“So COVID-19 has really expanded, made more detailed and challenging the stages of recruitment. And because of the unethical nature of the recruitment, that has increased the cost and has increased the risks for workers.”
The migrant rights specialist has also explained how migration issues are linked to politics, as migrant workers who have voting powers could assert for their rights and make politicians listen to their demands and concerns.
“Migration issues also become linked with politics because when you have many migrant workers, you have more voting powers. Then (migrant workers) rights become an issue in politics and politicians will stand up and listen. So that is something that can be built in Asia, or in the Gulf, or the Middle East,” he said.
Mr. Hall stressed that in order to achieve ethical recruitment in destination countries in Asia, the Gulf and Middle East regions, both government authorities and business leaders of these countries must have an understanding of the causes of unethical recruitment first.
“We really see a lack of understanding both from government leaders and business leaders, even from international organisations that I’ve spoke to…When I engage with business leaders, especially the highest levels in companies, they don’t take (ethical recruitment) seriously and they don’t have an understanding of the causes of unethical recruitment. And if you don’t have an understanding of the causes of unethical recruitment, we can never find the solution.”
“If you do ethical recruitment, you can get a workforce that is suited for what you need and that would then make you more profitable. It can make your service provisions more effective, more profitable, more sustainable,” said Mr. Hall.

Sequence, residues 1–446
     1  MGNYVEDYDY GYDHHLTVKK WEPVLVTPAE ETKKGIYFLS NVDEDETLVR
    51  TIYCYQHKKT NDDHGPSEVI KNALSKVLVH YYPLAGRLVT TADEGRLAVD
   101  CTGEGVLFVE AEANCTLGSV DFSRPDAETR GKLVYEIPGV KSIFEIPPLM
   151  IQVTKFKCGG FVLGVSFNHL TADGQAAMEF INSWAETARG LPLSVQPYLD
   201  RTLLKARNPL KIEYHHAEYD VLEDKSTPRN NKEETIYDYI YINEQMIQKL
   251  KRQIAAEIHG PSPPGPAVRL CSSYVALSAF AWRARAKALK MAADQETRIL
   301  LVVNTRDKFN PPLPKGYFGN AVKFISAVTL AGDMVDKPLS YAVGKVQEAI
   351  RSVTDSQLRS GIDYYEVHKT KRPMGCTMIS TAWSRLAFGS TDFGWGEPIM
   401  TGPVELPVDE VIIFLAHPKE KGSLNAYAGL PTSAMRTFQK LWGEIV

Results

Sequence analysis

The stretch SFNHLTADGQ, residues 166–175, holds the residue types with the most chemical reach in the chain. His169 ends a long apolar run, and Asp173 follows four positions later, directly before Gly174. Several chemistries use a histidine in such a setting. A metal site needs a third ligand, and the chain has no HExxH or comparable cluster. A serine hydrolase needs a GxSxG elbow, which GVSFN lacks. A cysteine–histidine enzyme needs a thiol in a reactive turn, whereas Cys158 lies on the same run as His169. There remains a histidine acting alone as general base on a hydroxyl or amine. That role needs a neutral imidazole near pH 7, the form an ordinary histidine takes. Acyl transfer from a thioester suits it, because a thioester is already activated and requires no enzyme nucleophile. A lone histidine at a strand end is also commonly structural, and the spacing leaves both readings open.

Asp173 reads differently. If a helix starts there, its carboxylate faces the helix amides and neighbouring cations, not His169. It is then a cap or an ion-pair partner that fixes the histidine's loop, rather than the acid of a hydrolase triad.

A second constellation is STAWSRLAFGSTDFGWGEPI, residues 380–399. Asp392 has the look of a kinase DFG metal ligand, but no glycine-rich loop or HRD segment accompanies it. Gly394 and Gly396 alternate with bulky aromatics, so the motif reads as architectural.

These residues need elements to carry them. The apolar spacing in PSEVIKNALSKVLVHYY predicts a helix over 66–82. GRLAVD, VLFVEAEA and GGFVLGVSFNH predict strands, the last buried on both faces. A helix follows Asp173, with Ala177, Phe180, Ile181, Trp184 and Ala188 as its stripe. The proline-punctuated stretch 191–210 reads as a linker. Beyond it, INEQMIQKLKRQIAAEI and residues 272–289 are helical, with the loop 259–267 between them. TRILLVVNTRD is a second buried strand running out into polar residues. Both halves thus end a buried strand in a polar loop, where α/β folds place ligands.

He also called on human rights groups to prioritise ethical recruitment in their campaigns as gross violations of rights are committed against many migrant workers in a global scale.
“If we look at the gloves industry in Malaysia, for instance, workers are paying US$5,000 for their jobs. That is an equivalent of two years of savings so they have to work for two years to pay off their debt. That is a gross violation of human rights,” Mr. Hall said.
“I would say to rights groups across the region that ethical recruitment needs to be prioritised more because it is essential to the decent work debate. And at the moment, we really don’t see it.”
Andy Hall is the founder of the Human Rights and Development Foundation’s (HRDF) Migrant Justice Programme. As an internationally recognised human rights defender, migrant worker rights specialist and campaigner, he is working on migrant worker rights, empowerment and modern day slavery issues in global supply chains, particularly with impoverished and exploited migrant workers from Cambodia and Myanmar. He is also the international affairs advisor to the Migrant Worker Rights Network (MWRN) in Thailand since 2009. He was an advisor on migration policy development to the Myanmar government under an EU funded migration project in 2013.
Henri Abenis-Macahilo is the editor-in-chief of Rights Corridor. She is also the UAE bureau chief of Philippine-based news portal, NewsLinePH.